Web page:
# Joint Closure Temperature

Note:
This article presents the Joint Closure Temperature (JCT) for free thermal expansion (FTE) track superstructure ; it is directly related and should be read in conjunction with the following articles:

• When can a rail be called long? presenting the definition of the concepts long rail and short rail, from thermal behaviour perspective.
• Track longitudinal resistance presenting the two types of track superstructure from the point of view of the response to rail temperature variation – free thermal expansion (FTE) track superstructure and restrained thermal expansion (RTE) track superstructure

Dependant on the joint maximum gap, the railway engineering science is defining the concepts of short rail (the one which, if installed correctly, theoretically will not develop any significant thermal axial force within the normal limits of the rail temperature) and long rail (that rail length which will cause the joint to close before the maximum rail temperature AND to open to the maximum gap before reaching the minimum rail temperature – for this rail length it is normal to develop axial thermal forces, compression or tension).

For free thermal expansion track superstructure, where the joint resistance and the track longitudinal resistance are ignored, the fishplated joint gap thermal variation can be shown as an inclined line (see below), in direct (linear) relation to the rail temperature. That will not be the case for the restrained thermal expansion superstructure – but this will be the subject of another article.

When managing the jointed track in hot weather (NR/L2/TRK/001/mod14) it is essential to establish at what rail temperature the joint will close. This is allowing the maintainer to estimate if there is a real risk for the rail axial forces to reach a critical limit – usually defined as the Critical Rail Temperature (CRT). Once the rail axial compression forces are reaching this critical limit the track buckling can occur.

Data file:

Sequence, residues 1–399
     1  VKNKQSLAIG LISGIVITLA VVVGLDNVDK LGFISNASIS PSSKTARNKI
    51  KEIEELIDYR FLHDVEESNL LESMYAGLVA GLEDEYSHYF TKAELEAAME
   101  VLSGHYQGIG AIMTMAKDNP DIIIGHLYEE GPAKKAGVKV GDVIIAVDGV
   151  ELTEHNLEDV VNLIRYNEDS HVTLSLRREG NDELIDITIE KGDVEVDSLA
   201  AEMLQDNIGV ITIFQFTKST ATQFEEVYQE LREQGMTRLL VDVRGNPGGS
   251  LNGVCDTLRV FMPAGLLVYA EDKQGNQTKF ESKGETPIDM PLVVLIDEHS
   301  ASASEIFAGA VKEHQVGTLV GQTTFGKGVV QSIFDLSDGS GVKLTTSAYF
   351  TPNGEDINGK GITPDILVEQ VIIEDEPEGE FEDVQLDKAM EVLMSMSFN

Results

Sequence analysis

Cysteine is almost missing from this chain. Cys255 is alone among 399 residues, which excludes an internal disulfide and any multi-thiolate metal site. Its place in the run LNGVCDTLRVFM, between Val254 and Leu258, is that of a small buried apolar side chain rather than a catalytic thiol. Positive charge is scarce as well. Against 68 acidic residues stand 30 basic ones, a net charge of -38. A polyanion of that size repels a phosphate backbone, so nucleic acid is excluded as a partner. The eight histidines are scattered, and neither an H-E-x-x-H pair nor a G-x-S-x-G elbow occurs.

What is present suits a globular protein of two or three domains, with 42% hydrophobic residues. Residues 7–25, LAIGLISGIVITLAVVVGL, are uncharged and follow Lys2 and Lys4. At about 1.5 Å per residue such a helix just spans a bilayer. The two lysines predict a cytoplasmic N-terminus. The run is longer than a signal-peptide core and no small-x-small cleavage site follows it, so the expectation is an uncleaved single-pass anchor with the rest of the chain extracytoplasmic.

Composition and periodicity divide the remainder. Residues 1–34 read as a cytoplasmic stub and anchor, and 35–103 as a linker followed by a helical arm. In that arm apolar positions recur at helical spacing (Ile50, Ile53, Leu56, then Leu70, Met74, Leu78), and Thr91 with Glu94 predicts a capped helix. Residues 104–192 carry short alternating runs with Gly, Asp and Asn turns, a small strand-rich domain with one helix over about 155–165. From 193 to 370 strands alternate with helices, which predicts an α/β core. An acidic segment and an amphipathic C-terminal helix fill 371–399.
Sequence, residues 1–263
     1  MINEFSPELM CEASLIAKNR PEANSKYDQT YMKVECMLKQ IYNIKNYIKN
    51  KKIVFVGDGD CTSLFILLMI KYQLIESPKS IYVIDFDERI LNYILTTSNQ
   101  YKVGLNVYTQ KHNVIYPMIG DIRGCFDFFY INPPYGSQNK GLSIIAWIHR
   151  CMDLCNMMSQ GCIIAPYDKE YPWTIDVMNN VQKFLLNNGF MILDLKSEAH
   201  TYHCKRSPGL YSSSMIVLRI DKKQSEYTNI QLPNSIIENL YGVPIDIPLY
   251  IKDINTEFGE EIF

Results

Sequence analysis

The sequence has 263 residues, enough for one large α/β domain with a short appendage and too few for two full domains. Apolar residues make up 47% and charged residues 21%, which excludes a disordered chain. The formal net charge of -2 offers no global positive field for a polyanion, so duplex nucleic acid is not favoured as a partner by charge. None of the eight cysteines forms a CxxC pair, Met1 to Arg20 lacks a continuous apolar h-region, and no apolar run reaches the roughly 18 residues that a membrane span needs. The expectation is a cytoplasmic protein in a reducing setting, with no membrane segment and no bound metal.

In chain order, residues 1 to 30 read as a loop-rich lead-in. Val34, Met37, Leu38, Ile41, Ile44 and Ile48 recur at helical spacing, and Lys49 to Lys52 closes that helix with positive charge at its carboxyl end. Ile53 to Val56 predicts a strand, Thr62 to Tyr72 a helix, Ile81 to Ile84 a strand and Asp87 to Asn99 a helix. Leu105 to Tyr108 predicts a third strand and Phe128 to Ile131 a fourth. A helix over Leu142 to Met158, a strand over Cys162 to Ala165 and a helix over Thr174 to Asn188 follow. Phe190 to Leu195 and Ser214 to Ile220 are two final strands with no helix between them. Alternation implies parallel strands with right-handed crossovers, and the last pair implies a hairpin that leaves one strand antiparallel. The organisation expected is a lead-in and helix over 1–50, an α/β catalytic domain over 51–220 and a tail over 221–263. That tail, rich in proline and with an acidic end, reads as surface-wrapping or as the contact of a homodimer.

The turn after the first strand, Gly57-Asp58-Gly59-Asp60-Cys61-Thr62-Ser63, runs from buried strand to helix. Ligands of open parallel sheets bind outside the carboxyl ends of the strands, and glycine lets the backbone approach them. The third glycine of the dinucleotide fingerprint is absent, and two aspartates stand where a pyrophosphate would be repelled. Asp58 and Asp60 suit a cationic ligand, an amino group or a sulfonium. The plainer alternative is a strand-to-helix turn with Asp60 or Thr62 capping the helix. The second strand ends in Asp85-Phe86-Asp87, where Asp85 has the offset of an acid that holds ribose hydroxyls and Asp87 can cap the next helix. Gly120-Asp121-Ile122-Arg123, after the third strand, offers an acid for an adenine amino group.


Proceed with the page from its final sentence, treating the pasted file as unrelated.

The Joint Closure Temperature (JCT) for free thermal expansion superstructure can be calculated using this formula:

where:

• JCL is the joint closure temperature
• Tr is the current rail temperature
• ΔL is the current joint gap – usually the average value from a set of joint measurements
• α  is the steel expansion coefficient
• L is the rail length in metres

Since the joint closure temperature is inversely proportional to the rail length, the values computed for one rail length can not be linearly extrapolated to a different length. For each rail length the maintainer should compute the closure temperature dependant of the average measured gap.

Applying the formula above for a measured 8 mm joint gap, at 10°C rail temperature, the Joint Closure Temperature (JCT) will be:

• for 30 ft rail, JCT = 86°C. This means the joint will still be open at the maximum rail temperature. A normal behaviour for a short rail.
• for 45 ft rail, JCT = 61°C.This means the joint will still be open at the maximum rail temperature. A normal behaviour for a short rail.
• for 60 ft rail, JCT = 48°C.
• for 90 ft rail, JCT = 35°C.
• for 120 ft rail, JCT = 29°C. The joint is closing too early and, as the temperature grows further above 29°C, axial compression forces will develop that might endanger the stability of the track.

These JCT values are only theoretical and  presume the linear expansion of the rail, without the presence of any resistance force, either at the joints or of the track longitudinal resistance. Dependant on the way these resistance forces are mobilised along the track, the real joint closure temperature (JCT) will be a few degrees lower (or sometimes higher) than the one calculated as explained here.

#### References

• BSI BS 11:1985. Specifications for railway rails. British Standards Institution.
• NR/L2/TRK/001/mod14 (2012). Inspection and maintenance of Permanent WayManaging track in hot weather. Issue 6. Network Rail. UK.

## One thought on “Joint Closure Temperature”

1. Claudio Cattaneo says:

very interesting

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